Most adults today use a combination of different sources and platforms to get their news reports the Reuters Institute Digital News Report 2017. The global report is based on a survey of more than 70,000 people in 36 markets, with added qualitative research in many of the countries. Social media is a big part of this media mix, as are TV, websites and apps. In fact, two-thirds of social media news users in the United States also watch television news (67%) and two-thirds also visit mainstream websites or apps (66%). Further, only a quarter (24%) of the respondents think social media does a good job in separating fact from fiction, compared to 40% for the news media.
News brands struggle with their branding on distributed and social platforms. Reuters tracked over 2,000 respondents in the UK to see if they could remember their path to a news story found on Facebook, Google, or others. Only 37% of respondents could recall the name of the news brand when coming from search and 47% when coming from social.
Trust in the news media varies greatly across countries. According to the report, less than half the population (43%) trust the news media. Trust in the news is highest in Finland (62%) and lowest in Greece and South Korea (23% each). There appears to be a strong correlation between consumer distrust in the media and perceived political bias, especially in countries with high political polarity like the U.S where trust in the news media registers at 38%.
The news also appears to be impacting the consumers’ emotional psyche. Close to a third of respondents (29%) state they often or sometimes avoid the news. Many say the news negatively impacts their mood and heightens concern over their inability to rely on the news to be true.
- Outside the U.S. and UK, growth in social media for news is leveling off many markets. In its place, messaging apps that are more private and do not algorithmically filter content are gaining in popularity.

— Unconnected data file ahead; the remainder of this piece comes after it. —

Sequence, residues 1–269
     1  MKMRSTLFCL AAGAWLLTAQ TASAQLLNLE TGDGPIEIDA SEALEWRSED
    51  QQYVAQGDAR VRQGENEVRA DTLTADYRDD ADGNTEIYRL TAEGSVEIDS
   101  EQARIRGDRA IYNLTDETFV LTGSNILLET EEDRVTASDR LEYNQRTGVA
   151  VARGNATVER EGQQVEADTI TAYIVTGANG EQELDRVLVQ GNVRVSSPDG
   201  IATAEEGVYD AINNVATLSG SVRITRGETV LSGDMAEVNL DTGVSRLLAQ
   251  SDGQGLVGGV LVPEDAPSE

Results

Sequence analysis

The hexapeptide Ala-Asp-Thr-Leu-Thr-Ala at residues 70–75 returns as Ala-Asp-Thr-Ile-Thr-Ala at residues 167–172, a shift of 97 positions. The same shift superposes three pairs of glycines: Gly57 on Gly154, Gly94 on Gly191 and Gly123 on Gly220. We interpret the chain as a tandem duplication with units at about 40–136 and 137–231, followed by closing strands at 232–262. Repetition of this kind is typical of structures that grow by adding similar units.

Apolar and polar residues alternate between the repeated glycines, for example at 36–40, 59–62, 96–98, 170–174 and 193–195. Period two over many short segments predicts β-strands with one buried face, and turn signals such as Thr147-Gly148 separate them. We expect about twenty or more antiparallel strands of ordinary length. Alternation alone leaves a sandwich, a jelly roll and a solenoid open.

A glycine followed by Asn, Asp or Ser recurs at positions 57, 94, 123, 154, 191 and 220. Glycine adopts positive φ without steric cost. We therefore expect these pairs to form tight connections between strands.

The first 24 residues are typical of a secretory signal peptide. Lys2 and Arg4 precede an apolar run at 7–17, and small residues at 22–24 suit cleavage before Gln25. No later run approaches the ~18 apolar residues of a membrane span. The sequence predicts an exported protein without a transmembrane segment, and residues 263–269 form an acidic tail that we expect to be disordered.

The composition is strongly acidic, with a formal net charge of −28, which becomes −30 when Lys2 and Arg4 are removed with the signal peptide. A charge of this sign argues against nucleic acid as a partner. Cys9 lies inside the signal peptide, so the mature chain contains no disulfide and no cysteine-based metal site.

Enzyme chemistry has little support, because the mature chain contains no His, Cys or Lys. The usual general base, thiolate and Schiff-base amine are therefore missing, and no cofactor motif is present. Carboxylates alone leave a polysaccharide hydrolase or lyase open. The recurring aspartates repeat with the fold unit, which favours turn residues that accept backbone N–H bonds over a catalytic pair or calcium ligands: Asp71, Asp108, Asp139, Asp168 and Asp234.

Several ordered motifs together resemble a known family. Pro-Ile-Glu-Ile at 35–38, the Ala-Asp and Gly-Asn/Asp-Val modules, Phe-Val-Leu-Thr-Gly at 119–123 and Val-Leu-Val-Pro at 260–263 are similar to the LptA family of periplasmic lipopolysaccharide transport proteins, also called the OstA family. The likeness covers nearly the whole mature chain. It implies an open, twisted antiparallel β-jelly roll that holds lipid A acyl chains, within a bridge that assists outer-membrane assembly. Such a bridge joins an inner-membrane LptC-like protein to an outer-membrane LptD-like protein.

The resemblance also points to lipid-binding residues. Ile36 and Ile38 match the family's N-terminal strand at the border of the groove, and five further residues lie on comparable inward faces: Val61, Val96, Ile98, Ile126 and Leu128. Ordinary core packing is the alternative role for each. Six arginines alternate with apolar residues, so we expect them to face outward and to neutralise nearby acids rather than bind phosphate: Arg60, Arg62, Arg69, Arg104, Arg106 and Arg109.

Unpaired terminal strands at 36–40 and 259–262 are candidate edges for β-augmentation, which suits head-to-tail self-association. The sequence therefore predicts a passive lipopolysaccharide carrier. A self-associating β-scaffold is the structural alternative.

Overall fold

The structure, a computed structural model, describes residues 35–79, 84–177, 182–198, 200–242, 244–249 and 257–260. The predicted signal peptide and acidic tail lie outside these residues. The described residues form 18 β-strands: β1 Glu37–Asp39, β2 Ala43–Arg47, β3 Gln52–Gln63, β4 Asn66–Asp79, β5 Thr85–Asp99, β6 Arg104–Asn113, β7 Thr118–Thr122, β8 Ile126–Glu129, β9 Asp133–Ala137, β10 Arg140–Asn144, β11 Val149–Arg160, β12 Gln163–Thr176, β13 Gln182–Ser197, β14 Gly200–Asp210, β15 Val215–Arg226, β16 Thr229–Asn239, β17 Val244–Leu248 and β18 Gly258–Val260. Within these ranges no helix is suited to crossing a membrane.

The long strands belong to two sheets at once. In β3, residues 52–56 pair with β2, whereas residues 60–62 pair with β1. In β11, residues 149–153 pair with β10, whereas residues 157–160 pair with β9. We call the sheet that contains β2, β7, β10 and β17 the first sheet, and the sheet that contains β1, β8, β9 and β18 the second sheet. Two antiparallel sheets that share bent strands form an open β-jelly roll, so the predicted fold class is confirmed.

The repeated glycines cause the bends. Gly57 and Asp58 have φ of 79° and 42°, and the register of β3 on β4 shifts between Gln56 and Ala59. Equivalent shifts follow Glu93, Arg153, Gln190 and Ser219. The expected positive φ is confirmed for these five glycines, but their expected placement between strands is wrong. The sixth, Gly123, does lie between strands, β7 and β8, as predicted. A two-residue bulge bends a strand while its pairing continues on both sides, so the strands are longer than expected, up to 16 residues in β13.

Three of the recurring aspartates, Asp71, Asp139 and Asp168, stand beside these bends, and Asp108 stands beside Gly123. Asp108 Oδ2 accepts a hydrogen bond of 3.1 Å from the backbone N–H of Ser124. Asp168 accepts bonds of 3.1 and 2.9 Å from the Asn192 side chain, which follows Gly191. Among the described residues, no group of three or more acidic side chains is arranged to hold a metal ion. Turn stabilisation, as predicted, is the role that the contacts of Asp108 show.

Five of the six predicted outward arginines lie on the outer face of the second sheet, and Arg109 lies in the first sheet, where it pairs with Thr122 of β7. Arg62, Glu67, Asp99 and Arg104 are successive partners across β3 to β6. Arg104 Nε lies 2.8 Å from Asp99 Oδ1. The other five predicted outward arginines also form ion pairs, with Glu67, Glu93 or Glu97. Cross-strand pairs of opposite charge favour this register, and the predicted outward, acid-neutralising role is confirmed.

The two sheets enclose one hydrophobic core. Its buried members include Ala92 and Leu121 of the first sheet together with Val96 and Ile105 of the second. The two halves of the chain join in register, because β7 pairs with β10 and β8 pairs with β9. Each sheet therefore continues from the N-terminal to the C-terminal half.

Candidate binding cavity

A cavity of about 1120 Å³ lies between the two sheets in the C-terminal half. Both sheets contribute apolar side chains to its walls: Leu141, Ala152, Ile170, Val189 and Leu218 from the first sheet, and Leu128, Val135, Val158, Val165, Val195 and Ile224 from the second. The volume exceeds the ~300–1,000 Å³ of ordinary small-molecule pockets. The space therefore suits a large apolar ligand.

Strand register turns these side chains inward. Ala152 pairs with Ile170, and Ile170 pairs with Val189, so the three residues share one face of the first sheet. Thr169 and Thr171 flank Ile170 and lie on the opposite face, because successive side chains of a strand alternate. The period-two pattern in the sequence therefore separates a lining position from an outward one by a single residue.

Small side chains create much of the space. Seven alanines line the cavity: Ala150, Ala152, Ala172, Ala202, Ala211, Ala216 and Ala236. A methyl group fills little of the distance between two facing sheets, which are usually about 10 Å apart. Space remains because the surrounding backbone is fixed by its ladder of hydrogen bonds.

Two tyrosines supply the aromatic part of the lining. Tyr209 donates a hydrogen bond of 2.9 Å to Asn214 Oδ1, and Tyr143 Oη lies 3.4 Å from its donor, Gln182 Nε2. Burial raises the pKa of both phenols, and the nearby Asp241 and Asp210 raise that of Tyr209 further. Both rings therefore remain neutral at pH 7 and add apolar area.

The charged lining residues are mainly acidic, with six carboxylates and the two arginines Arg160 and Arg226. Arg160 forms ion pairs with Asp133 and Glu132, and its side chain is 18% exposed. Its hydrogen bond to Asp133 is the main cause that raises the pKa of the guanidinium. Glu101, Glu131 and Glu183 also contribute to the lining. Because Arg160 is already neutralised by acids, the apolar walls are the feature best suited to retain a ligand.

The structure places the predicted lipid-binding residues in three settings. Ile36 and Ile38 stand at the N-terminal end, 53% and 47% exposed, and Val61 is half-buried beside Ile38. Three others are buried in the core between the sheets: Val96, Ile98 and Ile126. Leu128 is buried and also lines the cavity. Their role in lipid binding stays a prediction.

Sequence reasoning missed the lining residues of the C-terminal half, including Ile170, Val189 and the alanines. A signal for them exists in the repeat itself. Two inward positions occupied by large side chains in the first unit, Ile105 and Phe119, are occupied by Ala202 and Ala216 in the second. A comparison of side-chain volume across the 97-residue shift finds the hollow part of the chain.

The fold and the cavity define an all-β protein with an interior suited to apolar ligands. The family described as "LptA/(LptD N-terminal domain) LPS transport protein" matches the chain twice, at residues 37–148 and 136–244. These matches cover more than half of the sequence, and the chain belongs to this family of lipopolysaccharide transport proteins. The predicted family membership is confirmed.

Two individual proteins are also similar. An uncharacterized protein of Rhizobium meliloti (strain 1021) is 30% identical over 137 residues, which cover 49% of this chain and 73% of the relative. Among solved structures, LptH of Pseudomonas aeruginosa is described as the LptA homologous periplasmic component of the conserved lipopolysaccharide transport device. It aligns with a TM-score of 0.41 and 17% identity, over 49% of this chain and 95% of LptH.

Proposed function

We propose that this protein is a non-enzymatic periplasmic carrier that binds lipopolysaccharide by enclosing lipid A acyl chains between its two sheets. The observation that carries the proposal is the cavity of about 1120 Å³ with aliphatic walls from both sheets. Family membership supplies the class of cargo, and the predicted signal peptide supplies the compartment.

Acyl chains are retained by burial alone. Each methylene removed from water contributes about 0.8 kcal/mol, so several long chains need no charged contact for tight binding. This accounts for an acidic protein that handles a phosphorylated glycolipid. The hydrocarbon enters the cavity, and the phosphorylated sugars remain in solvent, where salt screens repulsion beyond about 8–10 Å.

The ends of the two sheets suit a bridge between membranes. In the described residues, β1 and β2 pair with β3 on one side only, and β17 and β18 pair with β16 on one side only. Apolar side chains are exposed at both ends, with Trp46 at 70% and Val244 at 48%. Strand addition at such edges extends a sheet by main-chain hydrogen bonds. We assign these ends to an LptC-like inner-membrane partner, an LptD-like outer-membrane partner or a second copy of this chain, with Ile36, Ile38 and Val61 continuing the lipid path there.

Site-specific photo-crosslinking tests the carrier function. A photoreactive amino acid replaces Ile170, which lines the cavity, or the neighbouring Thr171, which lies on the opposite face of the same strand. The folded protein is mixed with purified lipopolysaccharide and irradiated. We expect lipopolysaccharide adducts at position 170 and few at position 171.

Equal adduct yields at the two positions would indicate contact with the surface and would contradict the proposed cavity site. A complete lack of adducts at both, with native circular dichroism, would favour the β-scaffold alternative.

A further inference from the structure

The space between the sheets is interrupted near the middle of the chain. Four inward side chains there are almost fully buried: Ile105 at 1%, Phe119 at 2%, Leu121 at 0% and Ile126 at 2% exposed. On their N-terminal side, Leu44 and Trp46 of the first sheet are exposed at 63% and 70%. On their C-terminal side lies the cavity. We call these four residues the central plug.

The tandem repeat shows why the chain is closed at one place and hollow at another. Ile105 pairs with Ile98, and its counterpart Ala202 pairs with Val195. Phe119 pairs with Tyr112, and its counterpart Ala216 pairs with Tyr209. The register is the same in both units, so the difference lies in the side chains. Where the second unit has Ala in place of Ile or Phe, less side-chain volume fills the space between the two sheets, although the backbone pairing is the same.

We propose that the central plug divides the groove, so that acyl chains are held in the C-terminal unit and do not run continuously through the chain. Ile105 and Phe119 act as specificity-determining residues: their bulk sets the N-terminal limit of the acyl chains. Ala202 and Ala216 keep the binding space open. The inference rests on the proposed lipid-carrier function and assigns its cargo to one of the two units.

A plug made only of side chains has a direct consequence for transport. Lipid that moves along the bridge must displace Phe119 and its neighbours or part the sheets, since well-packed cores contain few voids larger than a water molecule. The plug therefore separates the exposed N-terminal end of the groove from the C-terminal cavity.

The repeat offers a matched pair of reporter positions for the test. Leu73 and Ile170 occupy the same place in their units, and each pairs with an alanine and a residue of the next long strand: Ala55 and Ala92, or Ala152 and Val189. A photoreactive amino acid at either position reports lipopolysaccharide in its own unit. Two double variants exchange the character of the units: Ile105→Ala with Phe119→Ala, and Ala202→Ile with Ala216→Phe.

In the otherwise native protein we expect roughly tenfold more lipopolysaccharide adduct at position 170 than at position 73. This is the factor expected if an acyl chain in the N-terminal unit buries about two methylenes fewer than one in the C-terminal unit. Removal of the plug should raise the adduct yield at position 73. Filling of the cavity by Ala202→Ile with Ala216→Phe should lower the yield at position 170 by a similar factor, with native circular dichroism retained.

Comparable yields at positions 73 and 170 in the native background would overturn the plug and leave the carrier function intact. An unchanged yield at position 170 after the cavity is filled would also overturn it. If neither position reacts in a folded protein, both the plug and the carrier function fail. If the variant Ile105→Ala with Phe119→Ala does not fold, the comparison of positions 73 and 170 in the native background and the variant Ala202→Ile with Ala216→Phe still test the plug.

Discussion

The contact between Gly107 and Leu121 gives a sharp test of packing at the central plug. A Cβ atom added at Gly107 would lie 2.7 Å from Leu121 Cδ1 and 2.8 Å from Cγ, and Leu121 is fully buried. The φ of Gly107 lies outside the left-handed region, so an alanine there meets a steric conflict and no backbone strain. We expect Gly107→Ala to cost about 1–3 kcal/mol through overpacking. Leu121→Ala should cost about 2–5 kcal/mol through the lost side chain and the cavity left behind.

- Mobile access for news is increasing in many countries. Mobile news notifications have grown significantly in the last year, especially in the US (+8 percentage points), South Korea (+7), and Australia (+4). This has many news publishers working with third party distribution like Facebook Instant Articles and Google AMP for quick efficiencies for content loading on mobile devices.
- Mobile news aggregators show usage growth, notably Apple News, and Snapchat Discover for younger audiences. Both have doubled YoY usage with their target audience.
- Smartphones are now as important for news inside the home as outside with 46% of consumers using their smartphones to access news in bed.
- Voice-activated digital assistants like the Amazon Echo are emerging as a new platform for news, outpacing smart watches in the US and UK.
- Overall, YoY growth of digital news subscriptions across all demos, especially among those under 35 years old. Specifically, online news subscriptions in the U.S. grew from 9 to 16% subscriptions. Across all countries, approximately one in ten consumers (13%) pay for online news.
- Ad-blocking growth has leveled off on desktop at 21% overall and is only 7% on smartphones. Interestingly, in some countries, more than half state they have temporarily disabled their ad-blocker for news in countries like Poland and Denmark (57% each) and the United States (52%).
Melissa Bell, Publisher and co-founder, Vox Media comments on this analysis “if we work to rebuild trust with our audiences, we may find our way to more stable, significant businesses.” She’s identify a few key questions for publishers to think about and address as they continue to provide quality news content across platforms.
- What is currently not being offered to audiences? How can content appear essential to them?
- Can the sense of community be recreated for audiences around the country – or the world?
- How do publishers help audiences seek knowledge instead of simply publishing information?
- How can publishers help audiences feel less anxious with today’s news content?
Importantly, publishers need to solve problems for their audiences. Digital news publishers’ focus on quality, transparency, and accountability will allow audience trust and engagement to follow.